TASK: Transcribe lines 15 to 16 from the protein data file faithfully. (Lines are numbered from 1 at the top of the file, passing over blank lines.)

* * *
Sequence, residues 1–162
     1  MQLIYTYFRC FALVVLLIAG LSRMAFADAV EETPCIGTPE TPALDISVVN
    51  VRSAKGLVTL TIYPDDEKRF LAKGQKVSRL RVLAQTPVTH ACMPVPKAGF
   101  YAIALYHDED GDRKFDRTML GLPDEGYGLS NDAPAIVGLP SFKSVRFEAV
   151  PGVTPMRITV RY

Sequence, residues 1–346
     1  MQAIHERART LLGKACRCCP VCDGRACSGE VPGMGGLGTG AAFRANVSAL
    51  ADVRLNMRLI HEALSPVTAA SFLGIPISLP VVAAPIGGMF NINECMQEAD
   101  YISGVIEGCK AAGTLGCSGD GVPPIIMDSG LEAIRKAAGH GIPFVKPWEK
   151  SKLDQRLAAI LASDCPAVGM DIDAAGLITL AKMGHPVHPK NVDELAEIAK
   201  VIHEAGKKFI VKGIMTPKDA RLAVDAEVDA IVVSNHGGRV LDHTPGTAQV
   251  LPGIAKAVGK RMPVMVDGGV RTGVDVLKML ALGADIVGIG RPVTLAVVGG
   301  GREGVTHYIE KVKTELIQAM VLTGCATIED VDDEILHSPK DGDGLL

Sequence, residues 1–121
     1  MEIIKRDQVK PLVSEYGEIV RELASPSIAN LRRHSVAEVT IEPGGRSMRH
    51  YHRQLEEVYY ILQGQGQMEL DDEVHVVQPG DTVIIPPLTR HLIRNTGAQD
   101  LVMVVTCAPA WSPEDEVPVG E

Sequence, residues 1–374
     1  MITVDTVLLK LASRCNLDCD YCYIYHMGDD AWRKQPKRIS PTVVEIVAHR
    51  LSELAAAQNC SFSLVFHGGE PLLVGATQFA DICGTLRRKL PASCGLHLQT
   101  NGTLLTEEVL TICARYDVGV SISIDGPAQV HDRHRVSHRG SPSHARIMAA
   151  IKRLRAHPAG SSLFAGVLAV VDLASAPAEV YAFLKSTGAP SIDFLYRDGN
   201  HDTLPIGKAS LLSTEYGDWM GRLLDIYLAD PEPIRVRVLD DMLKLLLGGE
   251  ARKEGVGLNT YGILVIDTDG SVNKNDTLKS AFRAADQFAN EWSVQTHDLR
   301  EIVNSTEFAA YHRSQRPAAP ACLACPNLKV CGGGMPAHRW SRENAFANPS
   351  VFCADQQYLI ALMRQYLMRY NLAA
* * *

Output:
     1  MEIIKRDQVK PLVSEYGEIV RELASPSIAN LRRHSVAEVT IEPGGRSMRH
    51  YHRQLEEVYY ILQGQGQMEL DDEVHVVQPG DTVIIPPLTR HLIRNTGAQD